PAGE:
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The Farne Islands seal pups. A boat trip from Northumberland coast.

Updated on September 21, 2017

Our first sight of the seals.

The Northumberland coast.

If you are ever lucky enough to visit the Northumberland coast of England make sure not to miss out on a boat trip to the Farne Islands.

Wonderful to visit at any time of year, the sea birds are a huge draw in the summer months, but of particular interest to animal lovers are the Atlantic grey seal pubs born in the autumn.

The rocks are literally covered in fluffy white baby seal pups and the sea boils with adults seeking food in the chilly water.

As many as a thousand pups are born each year in late October and November. So you are pretty much guaranteed to see at least some pups.

The Farne Islands. Northumberland.

Our boat for the trip - The Glad Tidings.

There are a variety of different companies offering trips to the islands - we chose Billy Shiel.
There are a variety of different companies offering trips to the islands - we chose Billy Shiel.

Chose comfort.

Many different types of boats offer trips to the islands from nearby Seahouses but if you are looking for comfort then pick a boat with cover and on board toilet facilities, a two hour trip can seem a lot longer if it rains or you need the loo!

The larger boats have better stabilisers which are a great help if the sea turns rough - as it often does.

The boats do all sail from the end of the harbour wall and the steps down to them are quite steep and can be wet and slippery, so take care. Good shoes are essential as are warm clothes and a good waterproof jacket.

The weather on the north east coast can be very unpredictable at any time of year and it is always colder out at sea than on land.

Our boat was comfortable with toilet facilities on board and plenty of indoor seating.

Don't forget your camera of course and a pair of binoculars if you have them. A good tip for getting a clear picture on a moving boat is to steady your camera arm on the edge of the boat and breath in just before you take the picture.

The seals on the rocks.

Seals on the Farne Island rocks.
Seals on the Farne Island rocks.

Dolphins, sharks and whales.

If you are really lucky you might catch sight of a pod of dolphins that are occasional visitors to the islands and in 2007 a pair of huge basking sharks were also spotted near the Farne islands.

Locals believe that the increase in seal numbers will result in the return of the killer whales that used to hunt in these waters. Our boatman informed us that he had last seen a killer whale in the seventies but in his opinion it is only a matter of time before they return.

The house where the wardens live when they are working on the Islands.

The National Trust.

A small group of dedicated National Trust wardens live and work on the islands, they mark the new born seal pups on a daily basis to help them keep track of numbers, a different colour for each day.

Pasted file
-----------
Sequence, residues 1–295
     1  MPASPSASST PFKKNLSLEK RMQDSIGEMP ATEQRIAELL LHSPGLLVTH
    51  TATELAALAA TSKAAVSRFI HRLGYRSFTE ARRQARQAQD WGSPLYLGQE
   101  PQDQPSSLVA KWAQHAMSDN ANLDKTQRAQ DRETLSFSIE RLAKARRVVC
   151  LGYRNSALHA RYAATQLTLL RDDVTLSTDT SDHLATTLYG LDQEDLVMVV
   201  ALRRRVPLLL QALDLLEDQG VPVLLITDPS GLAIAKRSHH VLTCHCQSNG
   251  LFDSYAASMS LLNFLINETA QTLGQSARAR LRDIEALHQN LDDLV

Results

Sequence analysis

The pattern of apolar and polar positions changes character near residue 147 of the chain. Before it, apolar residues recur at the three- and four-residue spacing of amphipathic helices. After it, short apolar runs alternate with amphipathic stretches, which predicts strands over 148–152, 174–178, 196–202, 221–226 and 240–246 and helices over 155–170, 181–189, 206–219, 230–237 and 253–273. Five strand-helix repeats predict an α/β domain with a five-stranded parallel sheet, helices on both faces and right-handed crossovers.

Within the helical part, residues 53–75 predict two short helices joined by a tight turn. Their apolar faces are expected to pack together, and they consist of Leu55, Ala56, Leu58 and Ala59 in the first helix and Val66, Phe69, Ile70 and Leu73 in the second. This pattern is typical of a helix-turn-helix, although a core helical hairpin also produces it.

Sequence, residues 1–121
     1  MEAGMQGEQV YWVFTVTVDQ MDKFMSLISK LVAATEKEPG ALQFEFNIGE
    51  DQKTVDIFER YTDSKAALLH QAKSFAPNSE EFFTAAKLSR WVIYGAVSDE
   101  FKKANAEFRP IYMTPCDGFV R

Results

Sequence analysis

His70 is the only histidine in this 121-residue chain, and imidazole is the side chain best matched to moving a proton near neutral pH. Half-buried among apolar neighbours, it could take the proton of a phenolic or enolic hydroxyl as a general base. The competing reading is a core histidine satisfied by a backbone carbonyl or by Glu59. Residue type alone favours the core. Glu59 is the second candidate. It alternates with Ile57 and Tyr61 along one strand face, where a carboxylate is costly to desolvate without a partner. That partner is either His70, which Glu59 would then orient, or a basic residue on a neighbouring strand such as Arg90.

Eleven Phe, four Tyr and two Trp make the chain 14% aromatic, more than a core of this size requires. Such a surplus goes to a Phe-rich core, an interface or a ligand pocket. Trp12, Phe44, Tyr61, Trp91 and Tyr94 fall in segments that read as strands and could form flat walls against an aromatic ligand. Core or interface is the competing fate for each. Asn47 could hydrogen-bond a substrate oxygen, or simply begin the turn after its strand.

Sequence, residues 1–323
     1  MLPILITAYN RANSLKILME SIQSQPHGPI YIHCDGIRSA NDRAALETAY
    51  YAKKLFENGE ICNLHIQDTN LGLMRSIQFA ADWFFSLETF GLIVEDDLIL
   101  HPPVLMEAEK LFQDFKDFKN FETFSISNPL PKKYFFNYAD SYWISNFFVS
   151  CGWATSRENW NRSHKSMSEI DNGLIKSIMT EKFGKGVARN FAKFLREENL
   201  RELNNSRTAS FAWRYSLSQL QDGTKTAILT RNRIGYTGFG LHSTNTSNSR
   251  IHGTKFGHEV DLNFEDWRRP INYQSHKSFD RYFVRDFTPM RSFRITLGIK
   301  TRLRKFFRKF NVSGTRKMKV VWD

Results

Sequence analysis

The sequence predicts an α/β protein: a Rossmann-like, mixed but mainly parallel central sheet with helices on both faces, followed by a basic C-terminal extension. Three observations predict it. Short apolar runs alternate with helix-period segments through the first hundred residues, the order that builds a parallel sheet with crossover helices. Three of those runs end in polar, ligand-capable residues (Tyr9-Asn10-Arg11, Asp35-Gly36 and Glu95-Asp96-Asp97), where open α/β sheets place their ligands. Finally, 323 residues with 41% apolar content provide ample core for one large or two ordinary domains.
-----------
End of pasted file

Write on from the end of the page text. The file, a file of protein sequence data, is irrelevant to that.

This method means that they can easily count the seal pups and identify the ones that have been born overnight or earlier that day.

The National Trust wardens checking for new born seal pubs.

The sea churns as the seals take to the water as the wardens approach.
The sea churns as the seals take to the water as the wardens approach.
When they find a pup they mark them with spray paint.
When they find a pup they mark them with spray paint.

If you look closely you can see at least two seal pups marked with red paint in this picture.

Plenty to see.

Even without the seals and the pups the Farne Islands are a beautiful place to visit, and you can land on one of the National Trust islands and walk around, the ground is very uneven and it is quite hard to get on and off the boat here, so it is not for anyone with mobility problems. There is a landing fee of around six pounds depending on the time of year you visit but it is free to members of the trust. As a general rule there are no toilet facilities on the islands but there is a disabled loo on Inner Farne.

Landing on the islands is dependant on the weather conditions and at the discretion of the boat captain.

The Longstone lighthouse with seals in the foreground.

Once home to the famous Grace Darling the Lonstone lighthouse can be seen for miles.
Once home to the famous Grace Darling the Lonstone lighthouse can be seen for miles.
A local fishing boat.
A local fishing boat.
More seals.
More seals.
One of the Farne Islands.
One of the Farne Islands.
One of the lifeboats.
One of the lifeboats.

Continued protection.

The Farne Islands are a must see if you do get the chance to visit them. Northumberland is a beautiful county with some outstanding wildlife and the people are very open and friendly too. I hope that the seals continue to enjoy the protection given to them and that the Islands remain in the hands of the National Trust and remain an asset for everyone to enjoy.

Please take the time to answer this quick poll.

Do you think that the seals should continue to be protected?

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